Now in her 50s, the daughter, Diane, has come up on my Facebook feed. With both parents dead, she lives in the States. My father, at 88, is still alive in a care home. Diane is the image of him!

She may have had a very happy childhood, so I’d never want to destroy happy memories.

I’d want to know my real dad and I’d hate to discover the truth when it’s too late. What should I do?

HELEN

Two questions about the past today leave me wondering if we overestimate the value of ‘the truth’.

Do some people insist on telling what they call ‘the truth’, knowing they will inflict hurt on others?

It’s intriguing to know exactly why this stranger has just popped up on your Facebook feed.

Were you searching for her, to delve into an old family secret? I don’t believe you can tell from a photograph that she actually is your father’s child. Nor do I think any good can come from her knowing that her late mother was unfaithful to the man she called dad all her life.

If you reveal your suspicion, you will surely make this woman unhappy.

Do you really want her to cross the Atlantic to visit your frail father, or would this be a way of punishing him for his transgressions? I think you need to be scrupulously honest about your motivation before you decide what to do.

If it were me, I would keep quiet.

And finally… Bask in the joy of past summers

Each night we’ve lit our woodburner and I’ve given thanks for my treasured stash of cashmere jumpers (some quite moth-eaten, so I’m glad I learned darning at my Nan’s knee).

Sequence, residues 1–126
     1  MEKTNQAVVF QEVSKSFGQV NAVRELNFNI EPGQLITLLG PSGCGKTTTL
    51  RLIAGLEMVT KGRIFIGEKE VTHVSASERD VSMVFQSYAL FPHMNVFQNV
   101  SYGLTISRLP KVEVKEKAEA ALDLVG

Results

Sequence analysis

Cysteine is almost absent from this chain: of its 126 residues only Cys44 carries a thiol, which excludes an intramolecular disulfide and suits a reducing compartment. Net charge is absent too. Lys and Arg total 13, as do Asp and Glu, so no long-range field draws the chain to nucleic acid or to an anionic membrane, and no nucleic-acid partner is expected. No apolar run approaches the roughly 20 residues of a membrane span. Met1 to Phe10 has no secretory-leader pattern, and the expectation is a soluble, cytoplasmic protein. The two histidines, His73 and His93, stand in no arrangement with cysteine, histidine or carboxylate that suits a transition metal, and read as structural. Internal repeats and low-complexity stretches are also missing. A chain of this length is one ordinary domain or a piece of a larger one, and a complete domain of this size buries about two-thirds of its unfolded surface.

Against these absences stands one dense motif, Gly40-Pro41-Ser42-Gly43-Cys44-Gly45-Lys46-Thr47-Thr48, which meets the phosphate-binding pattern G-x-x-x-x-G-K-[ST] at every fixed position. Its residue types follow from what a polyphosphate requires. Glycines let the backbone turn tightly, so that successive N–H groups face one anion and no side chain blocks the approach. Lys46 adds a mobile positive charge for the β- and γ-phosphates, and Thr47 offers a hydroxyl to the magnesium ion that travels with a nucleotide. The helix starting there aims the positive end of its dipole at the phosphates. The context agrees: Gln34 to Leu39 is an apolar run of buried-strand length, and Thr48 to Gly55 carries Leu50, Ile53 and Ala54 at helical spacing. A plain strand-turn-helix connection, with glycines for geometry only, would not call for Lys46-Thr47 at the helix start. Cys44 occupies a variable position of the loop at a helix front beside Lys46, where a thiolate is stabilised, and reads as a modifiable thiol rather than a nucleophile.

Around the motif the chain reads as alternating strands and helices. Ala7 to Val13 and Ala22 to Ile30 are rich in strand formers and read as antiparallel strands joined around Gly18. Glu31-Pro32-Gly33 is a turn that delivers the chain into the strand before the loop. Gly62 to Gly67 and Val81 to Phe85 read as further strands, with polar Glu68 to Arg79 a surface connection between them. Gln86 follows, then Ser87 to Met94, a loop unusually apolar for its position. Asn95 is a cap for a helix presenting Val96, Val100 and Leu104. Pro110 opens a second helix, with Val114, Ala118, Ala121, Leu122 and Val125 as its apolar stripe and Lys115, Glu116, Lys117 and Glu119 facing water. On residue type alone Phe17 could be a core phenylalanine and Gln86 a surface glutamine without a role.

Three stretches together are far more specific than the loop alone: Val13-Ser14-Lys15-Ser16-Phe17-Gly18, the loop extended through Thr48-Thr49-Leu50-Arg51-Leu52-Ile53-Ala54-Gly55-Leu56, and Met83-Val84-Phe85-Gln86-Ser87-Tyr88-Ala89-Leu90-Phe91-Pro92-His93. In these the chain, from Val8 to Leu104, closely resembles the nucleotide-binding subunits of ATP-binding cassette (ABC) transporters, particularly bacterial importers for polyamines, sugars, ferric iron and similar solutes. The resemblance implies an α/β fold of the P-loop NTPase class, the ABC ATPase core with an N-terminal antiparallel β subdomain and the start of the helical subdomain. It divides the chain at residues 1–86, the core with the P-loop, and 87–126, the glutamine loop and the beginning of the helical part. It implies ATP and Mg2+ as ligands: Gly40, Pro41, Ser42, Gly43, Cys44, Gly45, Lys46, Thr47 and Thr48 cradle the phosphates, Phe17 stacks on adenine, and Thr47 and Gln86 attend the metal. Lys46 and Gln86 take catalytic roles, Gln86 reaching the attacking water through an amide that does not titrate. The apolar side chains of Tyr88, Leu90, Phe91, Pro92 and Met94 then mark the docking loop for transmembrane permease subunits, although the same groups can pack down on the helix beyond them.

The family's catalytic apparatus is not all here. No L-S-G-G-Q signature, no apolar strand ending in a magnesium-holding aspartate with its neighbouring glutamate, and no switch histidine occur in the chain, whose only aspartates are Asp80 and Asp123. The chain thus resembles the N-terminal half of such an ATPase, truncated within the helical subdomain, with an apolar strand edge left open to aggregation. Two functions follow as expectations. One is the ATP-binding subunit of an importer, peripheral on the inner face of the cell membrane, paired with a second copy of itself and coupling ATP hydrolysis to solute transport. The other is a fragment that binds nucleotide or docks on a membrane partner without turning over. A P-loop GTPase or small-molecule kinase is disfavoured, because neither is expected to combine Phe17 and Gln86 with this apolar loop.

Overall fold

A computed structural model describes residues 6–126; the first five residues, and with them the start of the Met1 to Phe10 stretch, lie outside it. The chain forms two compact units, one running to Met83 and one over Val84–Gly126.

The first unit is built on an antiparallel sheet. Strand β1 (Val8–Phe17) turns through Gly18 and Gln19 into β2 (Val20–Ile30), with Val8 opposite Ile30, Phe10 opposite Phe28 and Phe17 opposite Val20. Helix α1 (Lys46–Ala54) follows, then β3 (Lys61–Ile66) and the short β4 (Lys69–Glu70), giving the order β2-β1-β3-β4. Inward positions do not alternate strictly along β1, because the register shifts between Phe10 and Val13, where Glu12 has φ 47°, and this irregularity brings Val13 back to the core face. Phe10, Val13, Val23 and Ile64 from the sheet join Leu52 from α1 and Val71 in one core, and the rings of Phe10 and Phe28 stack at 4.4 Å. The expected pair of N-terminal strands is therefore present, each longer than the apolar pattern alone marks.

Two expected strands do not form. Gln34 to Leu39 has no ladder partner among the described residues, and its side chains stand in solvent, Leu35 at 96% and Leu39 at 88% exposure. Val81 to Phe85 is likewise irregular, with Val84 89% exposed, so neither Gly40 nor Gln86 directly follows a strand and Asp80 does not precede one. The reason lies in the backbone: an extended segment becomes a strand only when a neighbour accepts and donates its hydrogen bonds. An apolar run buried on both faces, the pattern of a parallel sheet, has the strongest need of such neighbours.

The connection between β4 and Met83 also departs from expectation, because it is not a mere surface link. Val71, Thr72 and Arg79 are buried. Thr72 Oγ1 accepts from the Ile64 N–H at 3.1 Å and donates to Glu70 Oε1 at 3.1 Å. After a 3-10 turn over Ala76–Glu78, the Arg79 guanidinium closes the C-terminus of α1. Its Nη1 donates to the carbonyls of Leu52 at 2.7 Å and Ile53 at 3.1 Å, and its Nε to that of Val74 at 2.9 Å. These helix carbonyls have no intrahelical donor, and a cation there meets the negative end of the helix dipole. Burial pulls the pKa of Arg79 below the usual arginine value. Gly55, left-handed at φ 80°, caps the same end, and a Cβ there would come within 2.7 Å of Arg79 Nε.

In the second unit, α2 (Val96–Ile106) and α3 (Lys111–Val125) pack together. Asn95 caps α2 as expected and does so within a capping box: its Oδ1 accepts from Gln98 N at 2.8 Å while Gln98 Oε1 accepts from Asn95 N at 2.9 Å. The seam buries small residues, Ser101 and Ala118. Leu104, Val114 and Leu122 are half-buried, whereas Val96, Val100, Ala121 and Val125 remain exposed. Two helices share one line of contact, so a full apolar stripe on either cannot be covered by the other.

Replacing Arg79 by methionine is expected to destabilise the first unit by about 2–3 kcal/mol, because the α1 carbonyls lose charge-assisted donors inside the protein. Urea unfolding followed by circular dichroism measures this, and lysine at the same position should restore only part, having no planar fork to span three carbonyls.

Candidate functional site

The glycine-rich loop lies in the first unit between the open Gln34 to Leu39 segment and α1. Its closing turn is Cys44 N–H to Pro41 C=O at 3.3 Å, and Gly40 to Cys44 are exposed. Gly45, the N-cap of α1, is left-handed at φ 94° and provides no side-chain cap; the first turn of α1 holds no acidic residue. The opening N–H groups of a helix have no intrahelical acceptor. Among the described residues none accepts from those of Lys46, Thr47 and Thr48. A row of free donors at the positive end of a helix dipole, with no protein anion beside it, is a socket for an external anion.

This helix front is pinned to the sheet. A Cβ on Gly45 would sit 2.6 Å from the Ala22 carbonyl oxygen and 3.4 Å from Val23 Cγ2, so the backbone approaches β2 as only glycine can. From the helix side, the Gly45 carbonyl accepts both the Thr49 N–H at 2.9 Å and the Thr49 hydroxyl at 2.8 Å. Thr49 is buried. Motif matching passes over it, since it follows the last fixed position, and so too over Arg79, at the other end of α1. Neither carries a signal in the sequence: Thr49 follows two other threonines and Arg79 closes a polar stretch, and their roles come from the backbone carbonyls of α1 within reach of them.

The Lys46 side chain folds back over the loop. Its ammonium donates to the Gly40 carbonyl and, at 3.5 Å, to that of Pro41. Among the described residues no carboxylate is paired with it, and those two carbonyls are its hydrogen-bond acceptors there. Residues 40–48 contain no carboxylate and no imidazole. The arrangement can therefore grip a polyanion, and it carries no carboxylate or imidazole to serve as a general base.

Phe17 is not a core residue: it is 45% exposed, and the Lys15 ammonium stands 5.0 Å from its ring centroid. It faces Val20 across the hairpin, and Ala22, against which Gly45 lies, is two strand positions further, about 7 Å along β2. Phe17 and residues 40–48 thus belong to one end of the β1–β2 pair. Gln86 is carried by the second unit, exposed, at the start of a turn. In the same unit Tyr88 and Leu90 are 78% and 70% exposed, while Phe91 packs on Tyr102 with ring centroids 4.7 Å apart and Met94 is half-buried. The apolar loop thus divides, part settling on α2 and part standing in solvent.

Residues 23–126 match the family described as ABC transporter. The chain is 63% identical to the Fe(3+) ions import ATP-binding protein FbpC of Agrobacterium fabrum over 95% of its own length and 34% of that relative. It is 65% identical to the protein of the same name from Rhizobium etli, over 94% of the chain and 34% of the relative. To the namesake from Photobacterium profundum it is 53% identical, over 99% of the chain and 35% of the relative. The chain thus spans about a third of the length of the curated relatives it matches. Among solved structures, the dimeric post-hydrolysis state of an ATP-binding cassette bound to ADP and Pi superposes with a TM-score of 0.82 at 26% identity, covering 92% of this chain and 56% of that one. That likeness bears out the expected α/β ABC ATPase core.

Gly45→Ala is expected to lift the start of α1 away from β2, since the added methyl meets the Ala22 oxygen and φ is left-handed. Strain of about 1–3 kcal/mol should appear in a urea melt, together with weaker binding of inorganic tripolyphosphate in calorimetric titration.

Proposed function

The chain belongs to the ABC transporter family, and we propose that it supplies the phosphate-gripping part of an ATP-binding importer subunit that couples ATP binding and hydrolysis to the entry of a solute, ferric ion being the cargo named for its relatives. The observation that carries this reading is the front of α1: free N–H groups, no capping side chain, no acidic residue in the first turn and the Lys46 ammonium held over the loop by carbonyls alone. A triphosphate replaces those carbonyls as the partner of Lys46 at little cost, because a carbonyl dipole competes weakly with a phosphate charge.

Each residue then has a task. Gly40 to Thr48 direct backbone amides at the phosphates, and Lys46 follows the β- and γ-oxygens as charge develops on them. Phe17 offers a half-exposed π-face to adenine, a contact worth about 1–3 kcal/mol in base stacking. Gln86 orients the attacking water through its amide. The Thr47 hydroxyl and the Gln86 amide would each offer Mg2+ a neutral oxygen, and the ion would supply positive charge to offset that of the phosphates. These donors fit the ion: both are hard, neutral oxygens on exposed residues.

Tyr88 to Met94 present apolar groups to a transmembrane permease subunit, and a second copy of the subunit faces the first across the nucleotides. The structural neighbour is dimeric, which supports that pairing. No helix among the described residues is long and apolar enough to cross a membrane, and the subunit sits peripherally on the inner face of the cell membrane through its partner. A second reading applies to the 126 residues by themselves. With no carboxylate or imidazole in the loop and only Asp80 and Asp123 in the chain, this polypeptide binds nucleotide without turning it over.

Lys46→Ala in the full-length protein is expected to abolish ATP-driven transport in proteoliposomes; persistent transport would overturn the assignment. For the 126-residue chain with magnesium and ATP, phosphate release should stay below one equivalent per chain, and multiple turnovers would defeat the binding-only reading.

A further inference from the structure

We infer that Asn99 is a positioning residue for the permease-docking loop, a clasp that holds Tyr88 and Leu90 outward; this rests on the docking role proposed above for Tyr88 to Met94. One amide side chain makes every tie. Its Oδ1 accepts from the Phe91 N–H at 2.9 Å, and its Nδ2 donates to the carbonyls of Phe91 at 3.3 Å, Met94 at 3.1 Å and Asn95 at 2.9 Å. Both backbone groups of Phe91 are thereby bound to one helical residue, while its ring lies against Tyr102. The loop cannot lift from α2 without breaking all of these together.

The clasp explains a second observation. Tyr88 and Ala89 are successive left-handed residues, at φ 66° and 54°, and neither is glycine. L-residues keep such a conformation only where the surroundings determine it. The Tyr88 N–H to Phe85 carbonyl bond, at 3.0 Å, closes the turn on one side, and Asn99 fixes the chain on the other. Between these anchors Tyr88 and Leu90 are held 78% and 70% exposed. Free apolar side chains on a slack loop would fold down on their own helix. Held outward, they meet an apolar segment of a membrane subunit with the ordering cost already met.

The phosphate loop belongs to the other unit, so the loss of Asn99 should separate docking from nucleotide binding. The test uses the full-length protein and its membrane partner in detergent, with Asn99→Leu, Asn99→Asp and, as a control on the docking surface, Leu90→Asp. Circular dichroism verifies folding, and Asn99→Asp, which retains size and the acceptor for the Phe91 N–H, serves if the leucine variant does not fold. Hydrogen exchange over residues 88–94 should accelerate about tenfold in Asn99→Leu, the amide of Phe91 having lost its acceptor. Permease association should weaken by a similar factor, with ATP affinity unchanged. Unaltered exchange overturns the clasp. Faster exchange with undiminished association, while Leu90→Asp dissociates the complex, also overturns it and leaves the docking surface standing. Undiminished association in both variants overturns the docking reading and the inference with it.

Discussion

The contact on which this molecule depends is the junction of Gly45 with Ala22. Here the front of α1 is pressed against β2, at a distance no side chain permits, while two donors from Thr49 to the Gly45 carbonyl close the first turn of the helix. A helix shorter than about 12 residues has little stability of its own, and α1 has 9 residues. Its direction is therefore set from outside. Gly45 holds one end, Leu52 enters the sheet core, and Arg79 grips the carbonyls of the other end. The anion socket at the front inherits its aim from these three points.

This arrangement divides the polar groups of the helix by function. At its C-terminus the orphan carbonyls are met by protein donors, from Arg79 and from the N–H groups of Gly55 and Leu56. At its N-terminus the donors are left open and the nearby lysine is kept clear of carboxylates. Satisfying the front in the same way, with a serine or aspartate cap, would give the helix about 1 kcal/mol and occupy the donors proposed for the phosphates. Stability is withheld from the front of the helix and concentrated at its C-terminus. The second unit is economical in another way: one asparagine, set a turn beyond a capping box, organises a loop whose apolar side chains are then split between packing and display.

Friends are bewailing ‘the coldest May ever’ — yet the centuries-old wisdom of ‘Ne’er cast a clout till May be out’ proves that this allegedly merry month has often been extremely chilly. My summer ‘clouts’ are still in the bed-base but may be dug out next week.

Contact Bel 

Bel answers readers’ questions on emotional and relationship problems each week.

Write to Bel Mooney, Daily Mail, 2 Derry Street, London W8 5TT, or email bel.mooney@dailymail.co.uk.

A pseudonym will be used if you wish.

Bel reads all letters but regrets she cannot enter into personal correspondence.

In the meantime, as I write this, I’m cold and fed up. Yes, yes, I know I’m always advising coming to terms with events and making the best of things. But it’s hard sometimes.

By contrast, do you remember last year? It’s as if the malevolent fate that dealt us all the horrible punishment of Covid relented a bit and provided wonderful weather, just so that we could experience our solitude, longing and fear in balmy gardens or parks.

I’m summoning up the memory in a determined effort to count my blessings, because the sun did make lockdown easier to bear. But I’m not really convincing myself.

The last time we went away was May 2019 and (for various reasons) there will be no holiday this year either — except (hopefully) a few days exploring Kent in September.

I feel wistful to think of lovely holidays in France and Italy when the children were younger, the fuchsia hedges of Ireland, adventures on Devon’s River Dart, the open landscape of America, the Rhine . . .

And further back to the 1950s, England’s wonderful north-west coast with sand dunes begging to be rolled down as we shrieked with laughter. Mum’s delicious ham sandwiches. Fish ’n’ chips in Blackpool. Buckets and spades and penny-slot machines on the pier.

There . . . I’ve managed to cheer myself up! Instead of feeling gloomy (it’s raining again as I write), I’ve summoned up the Ghost of Summers Past and basked in her jollity. Let’s raise a hopeful glass to June.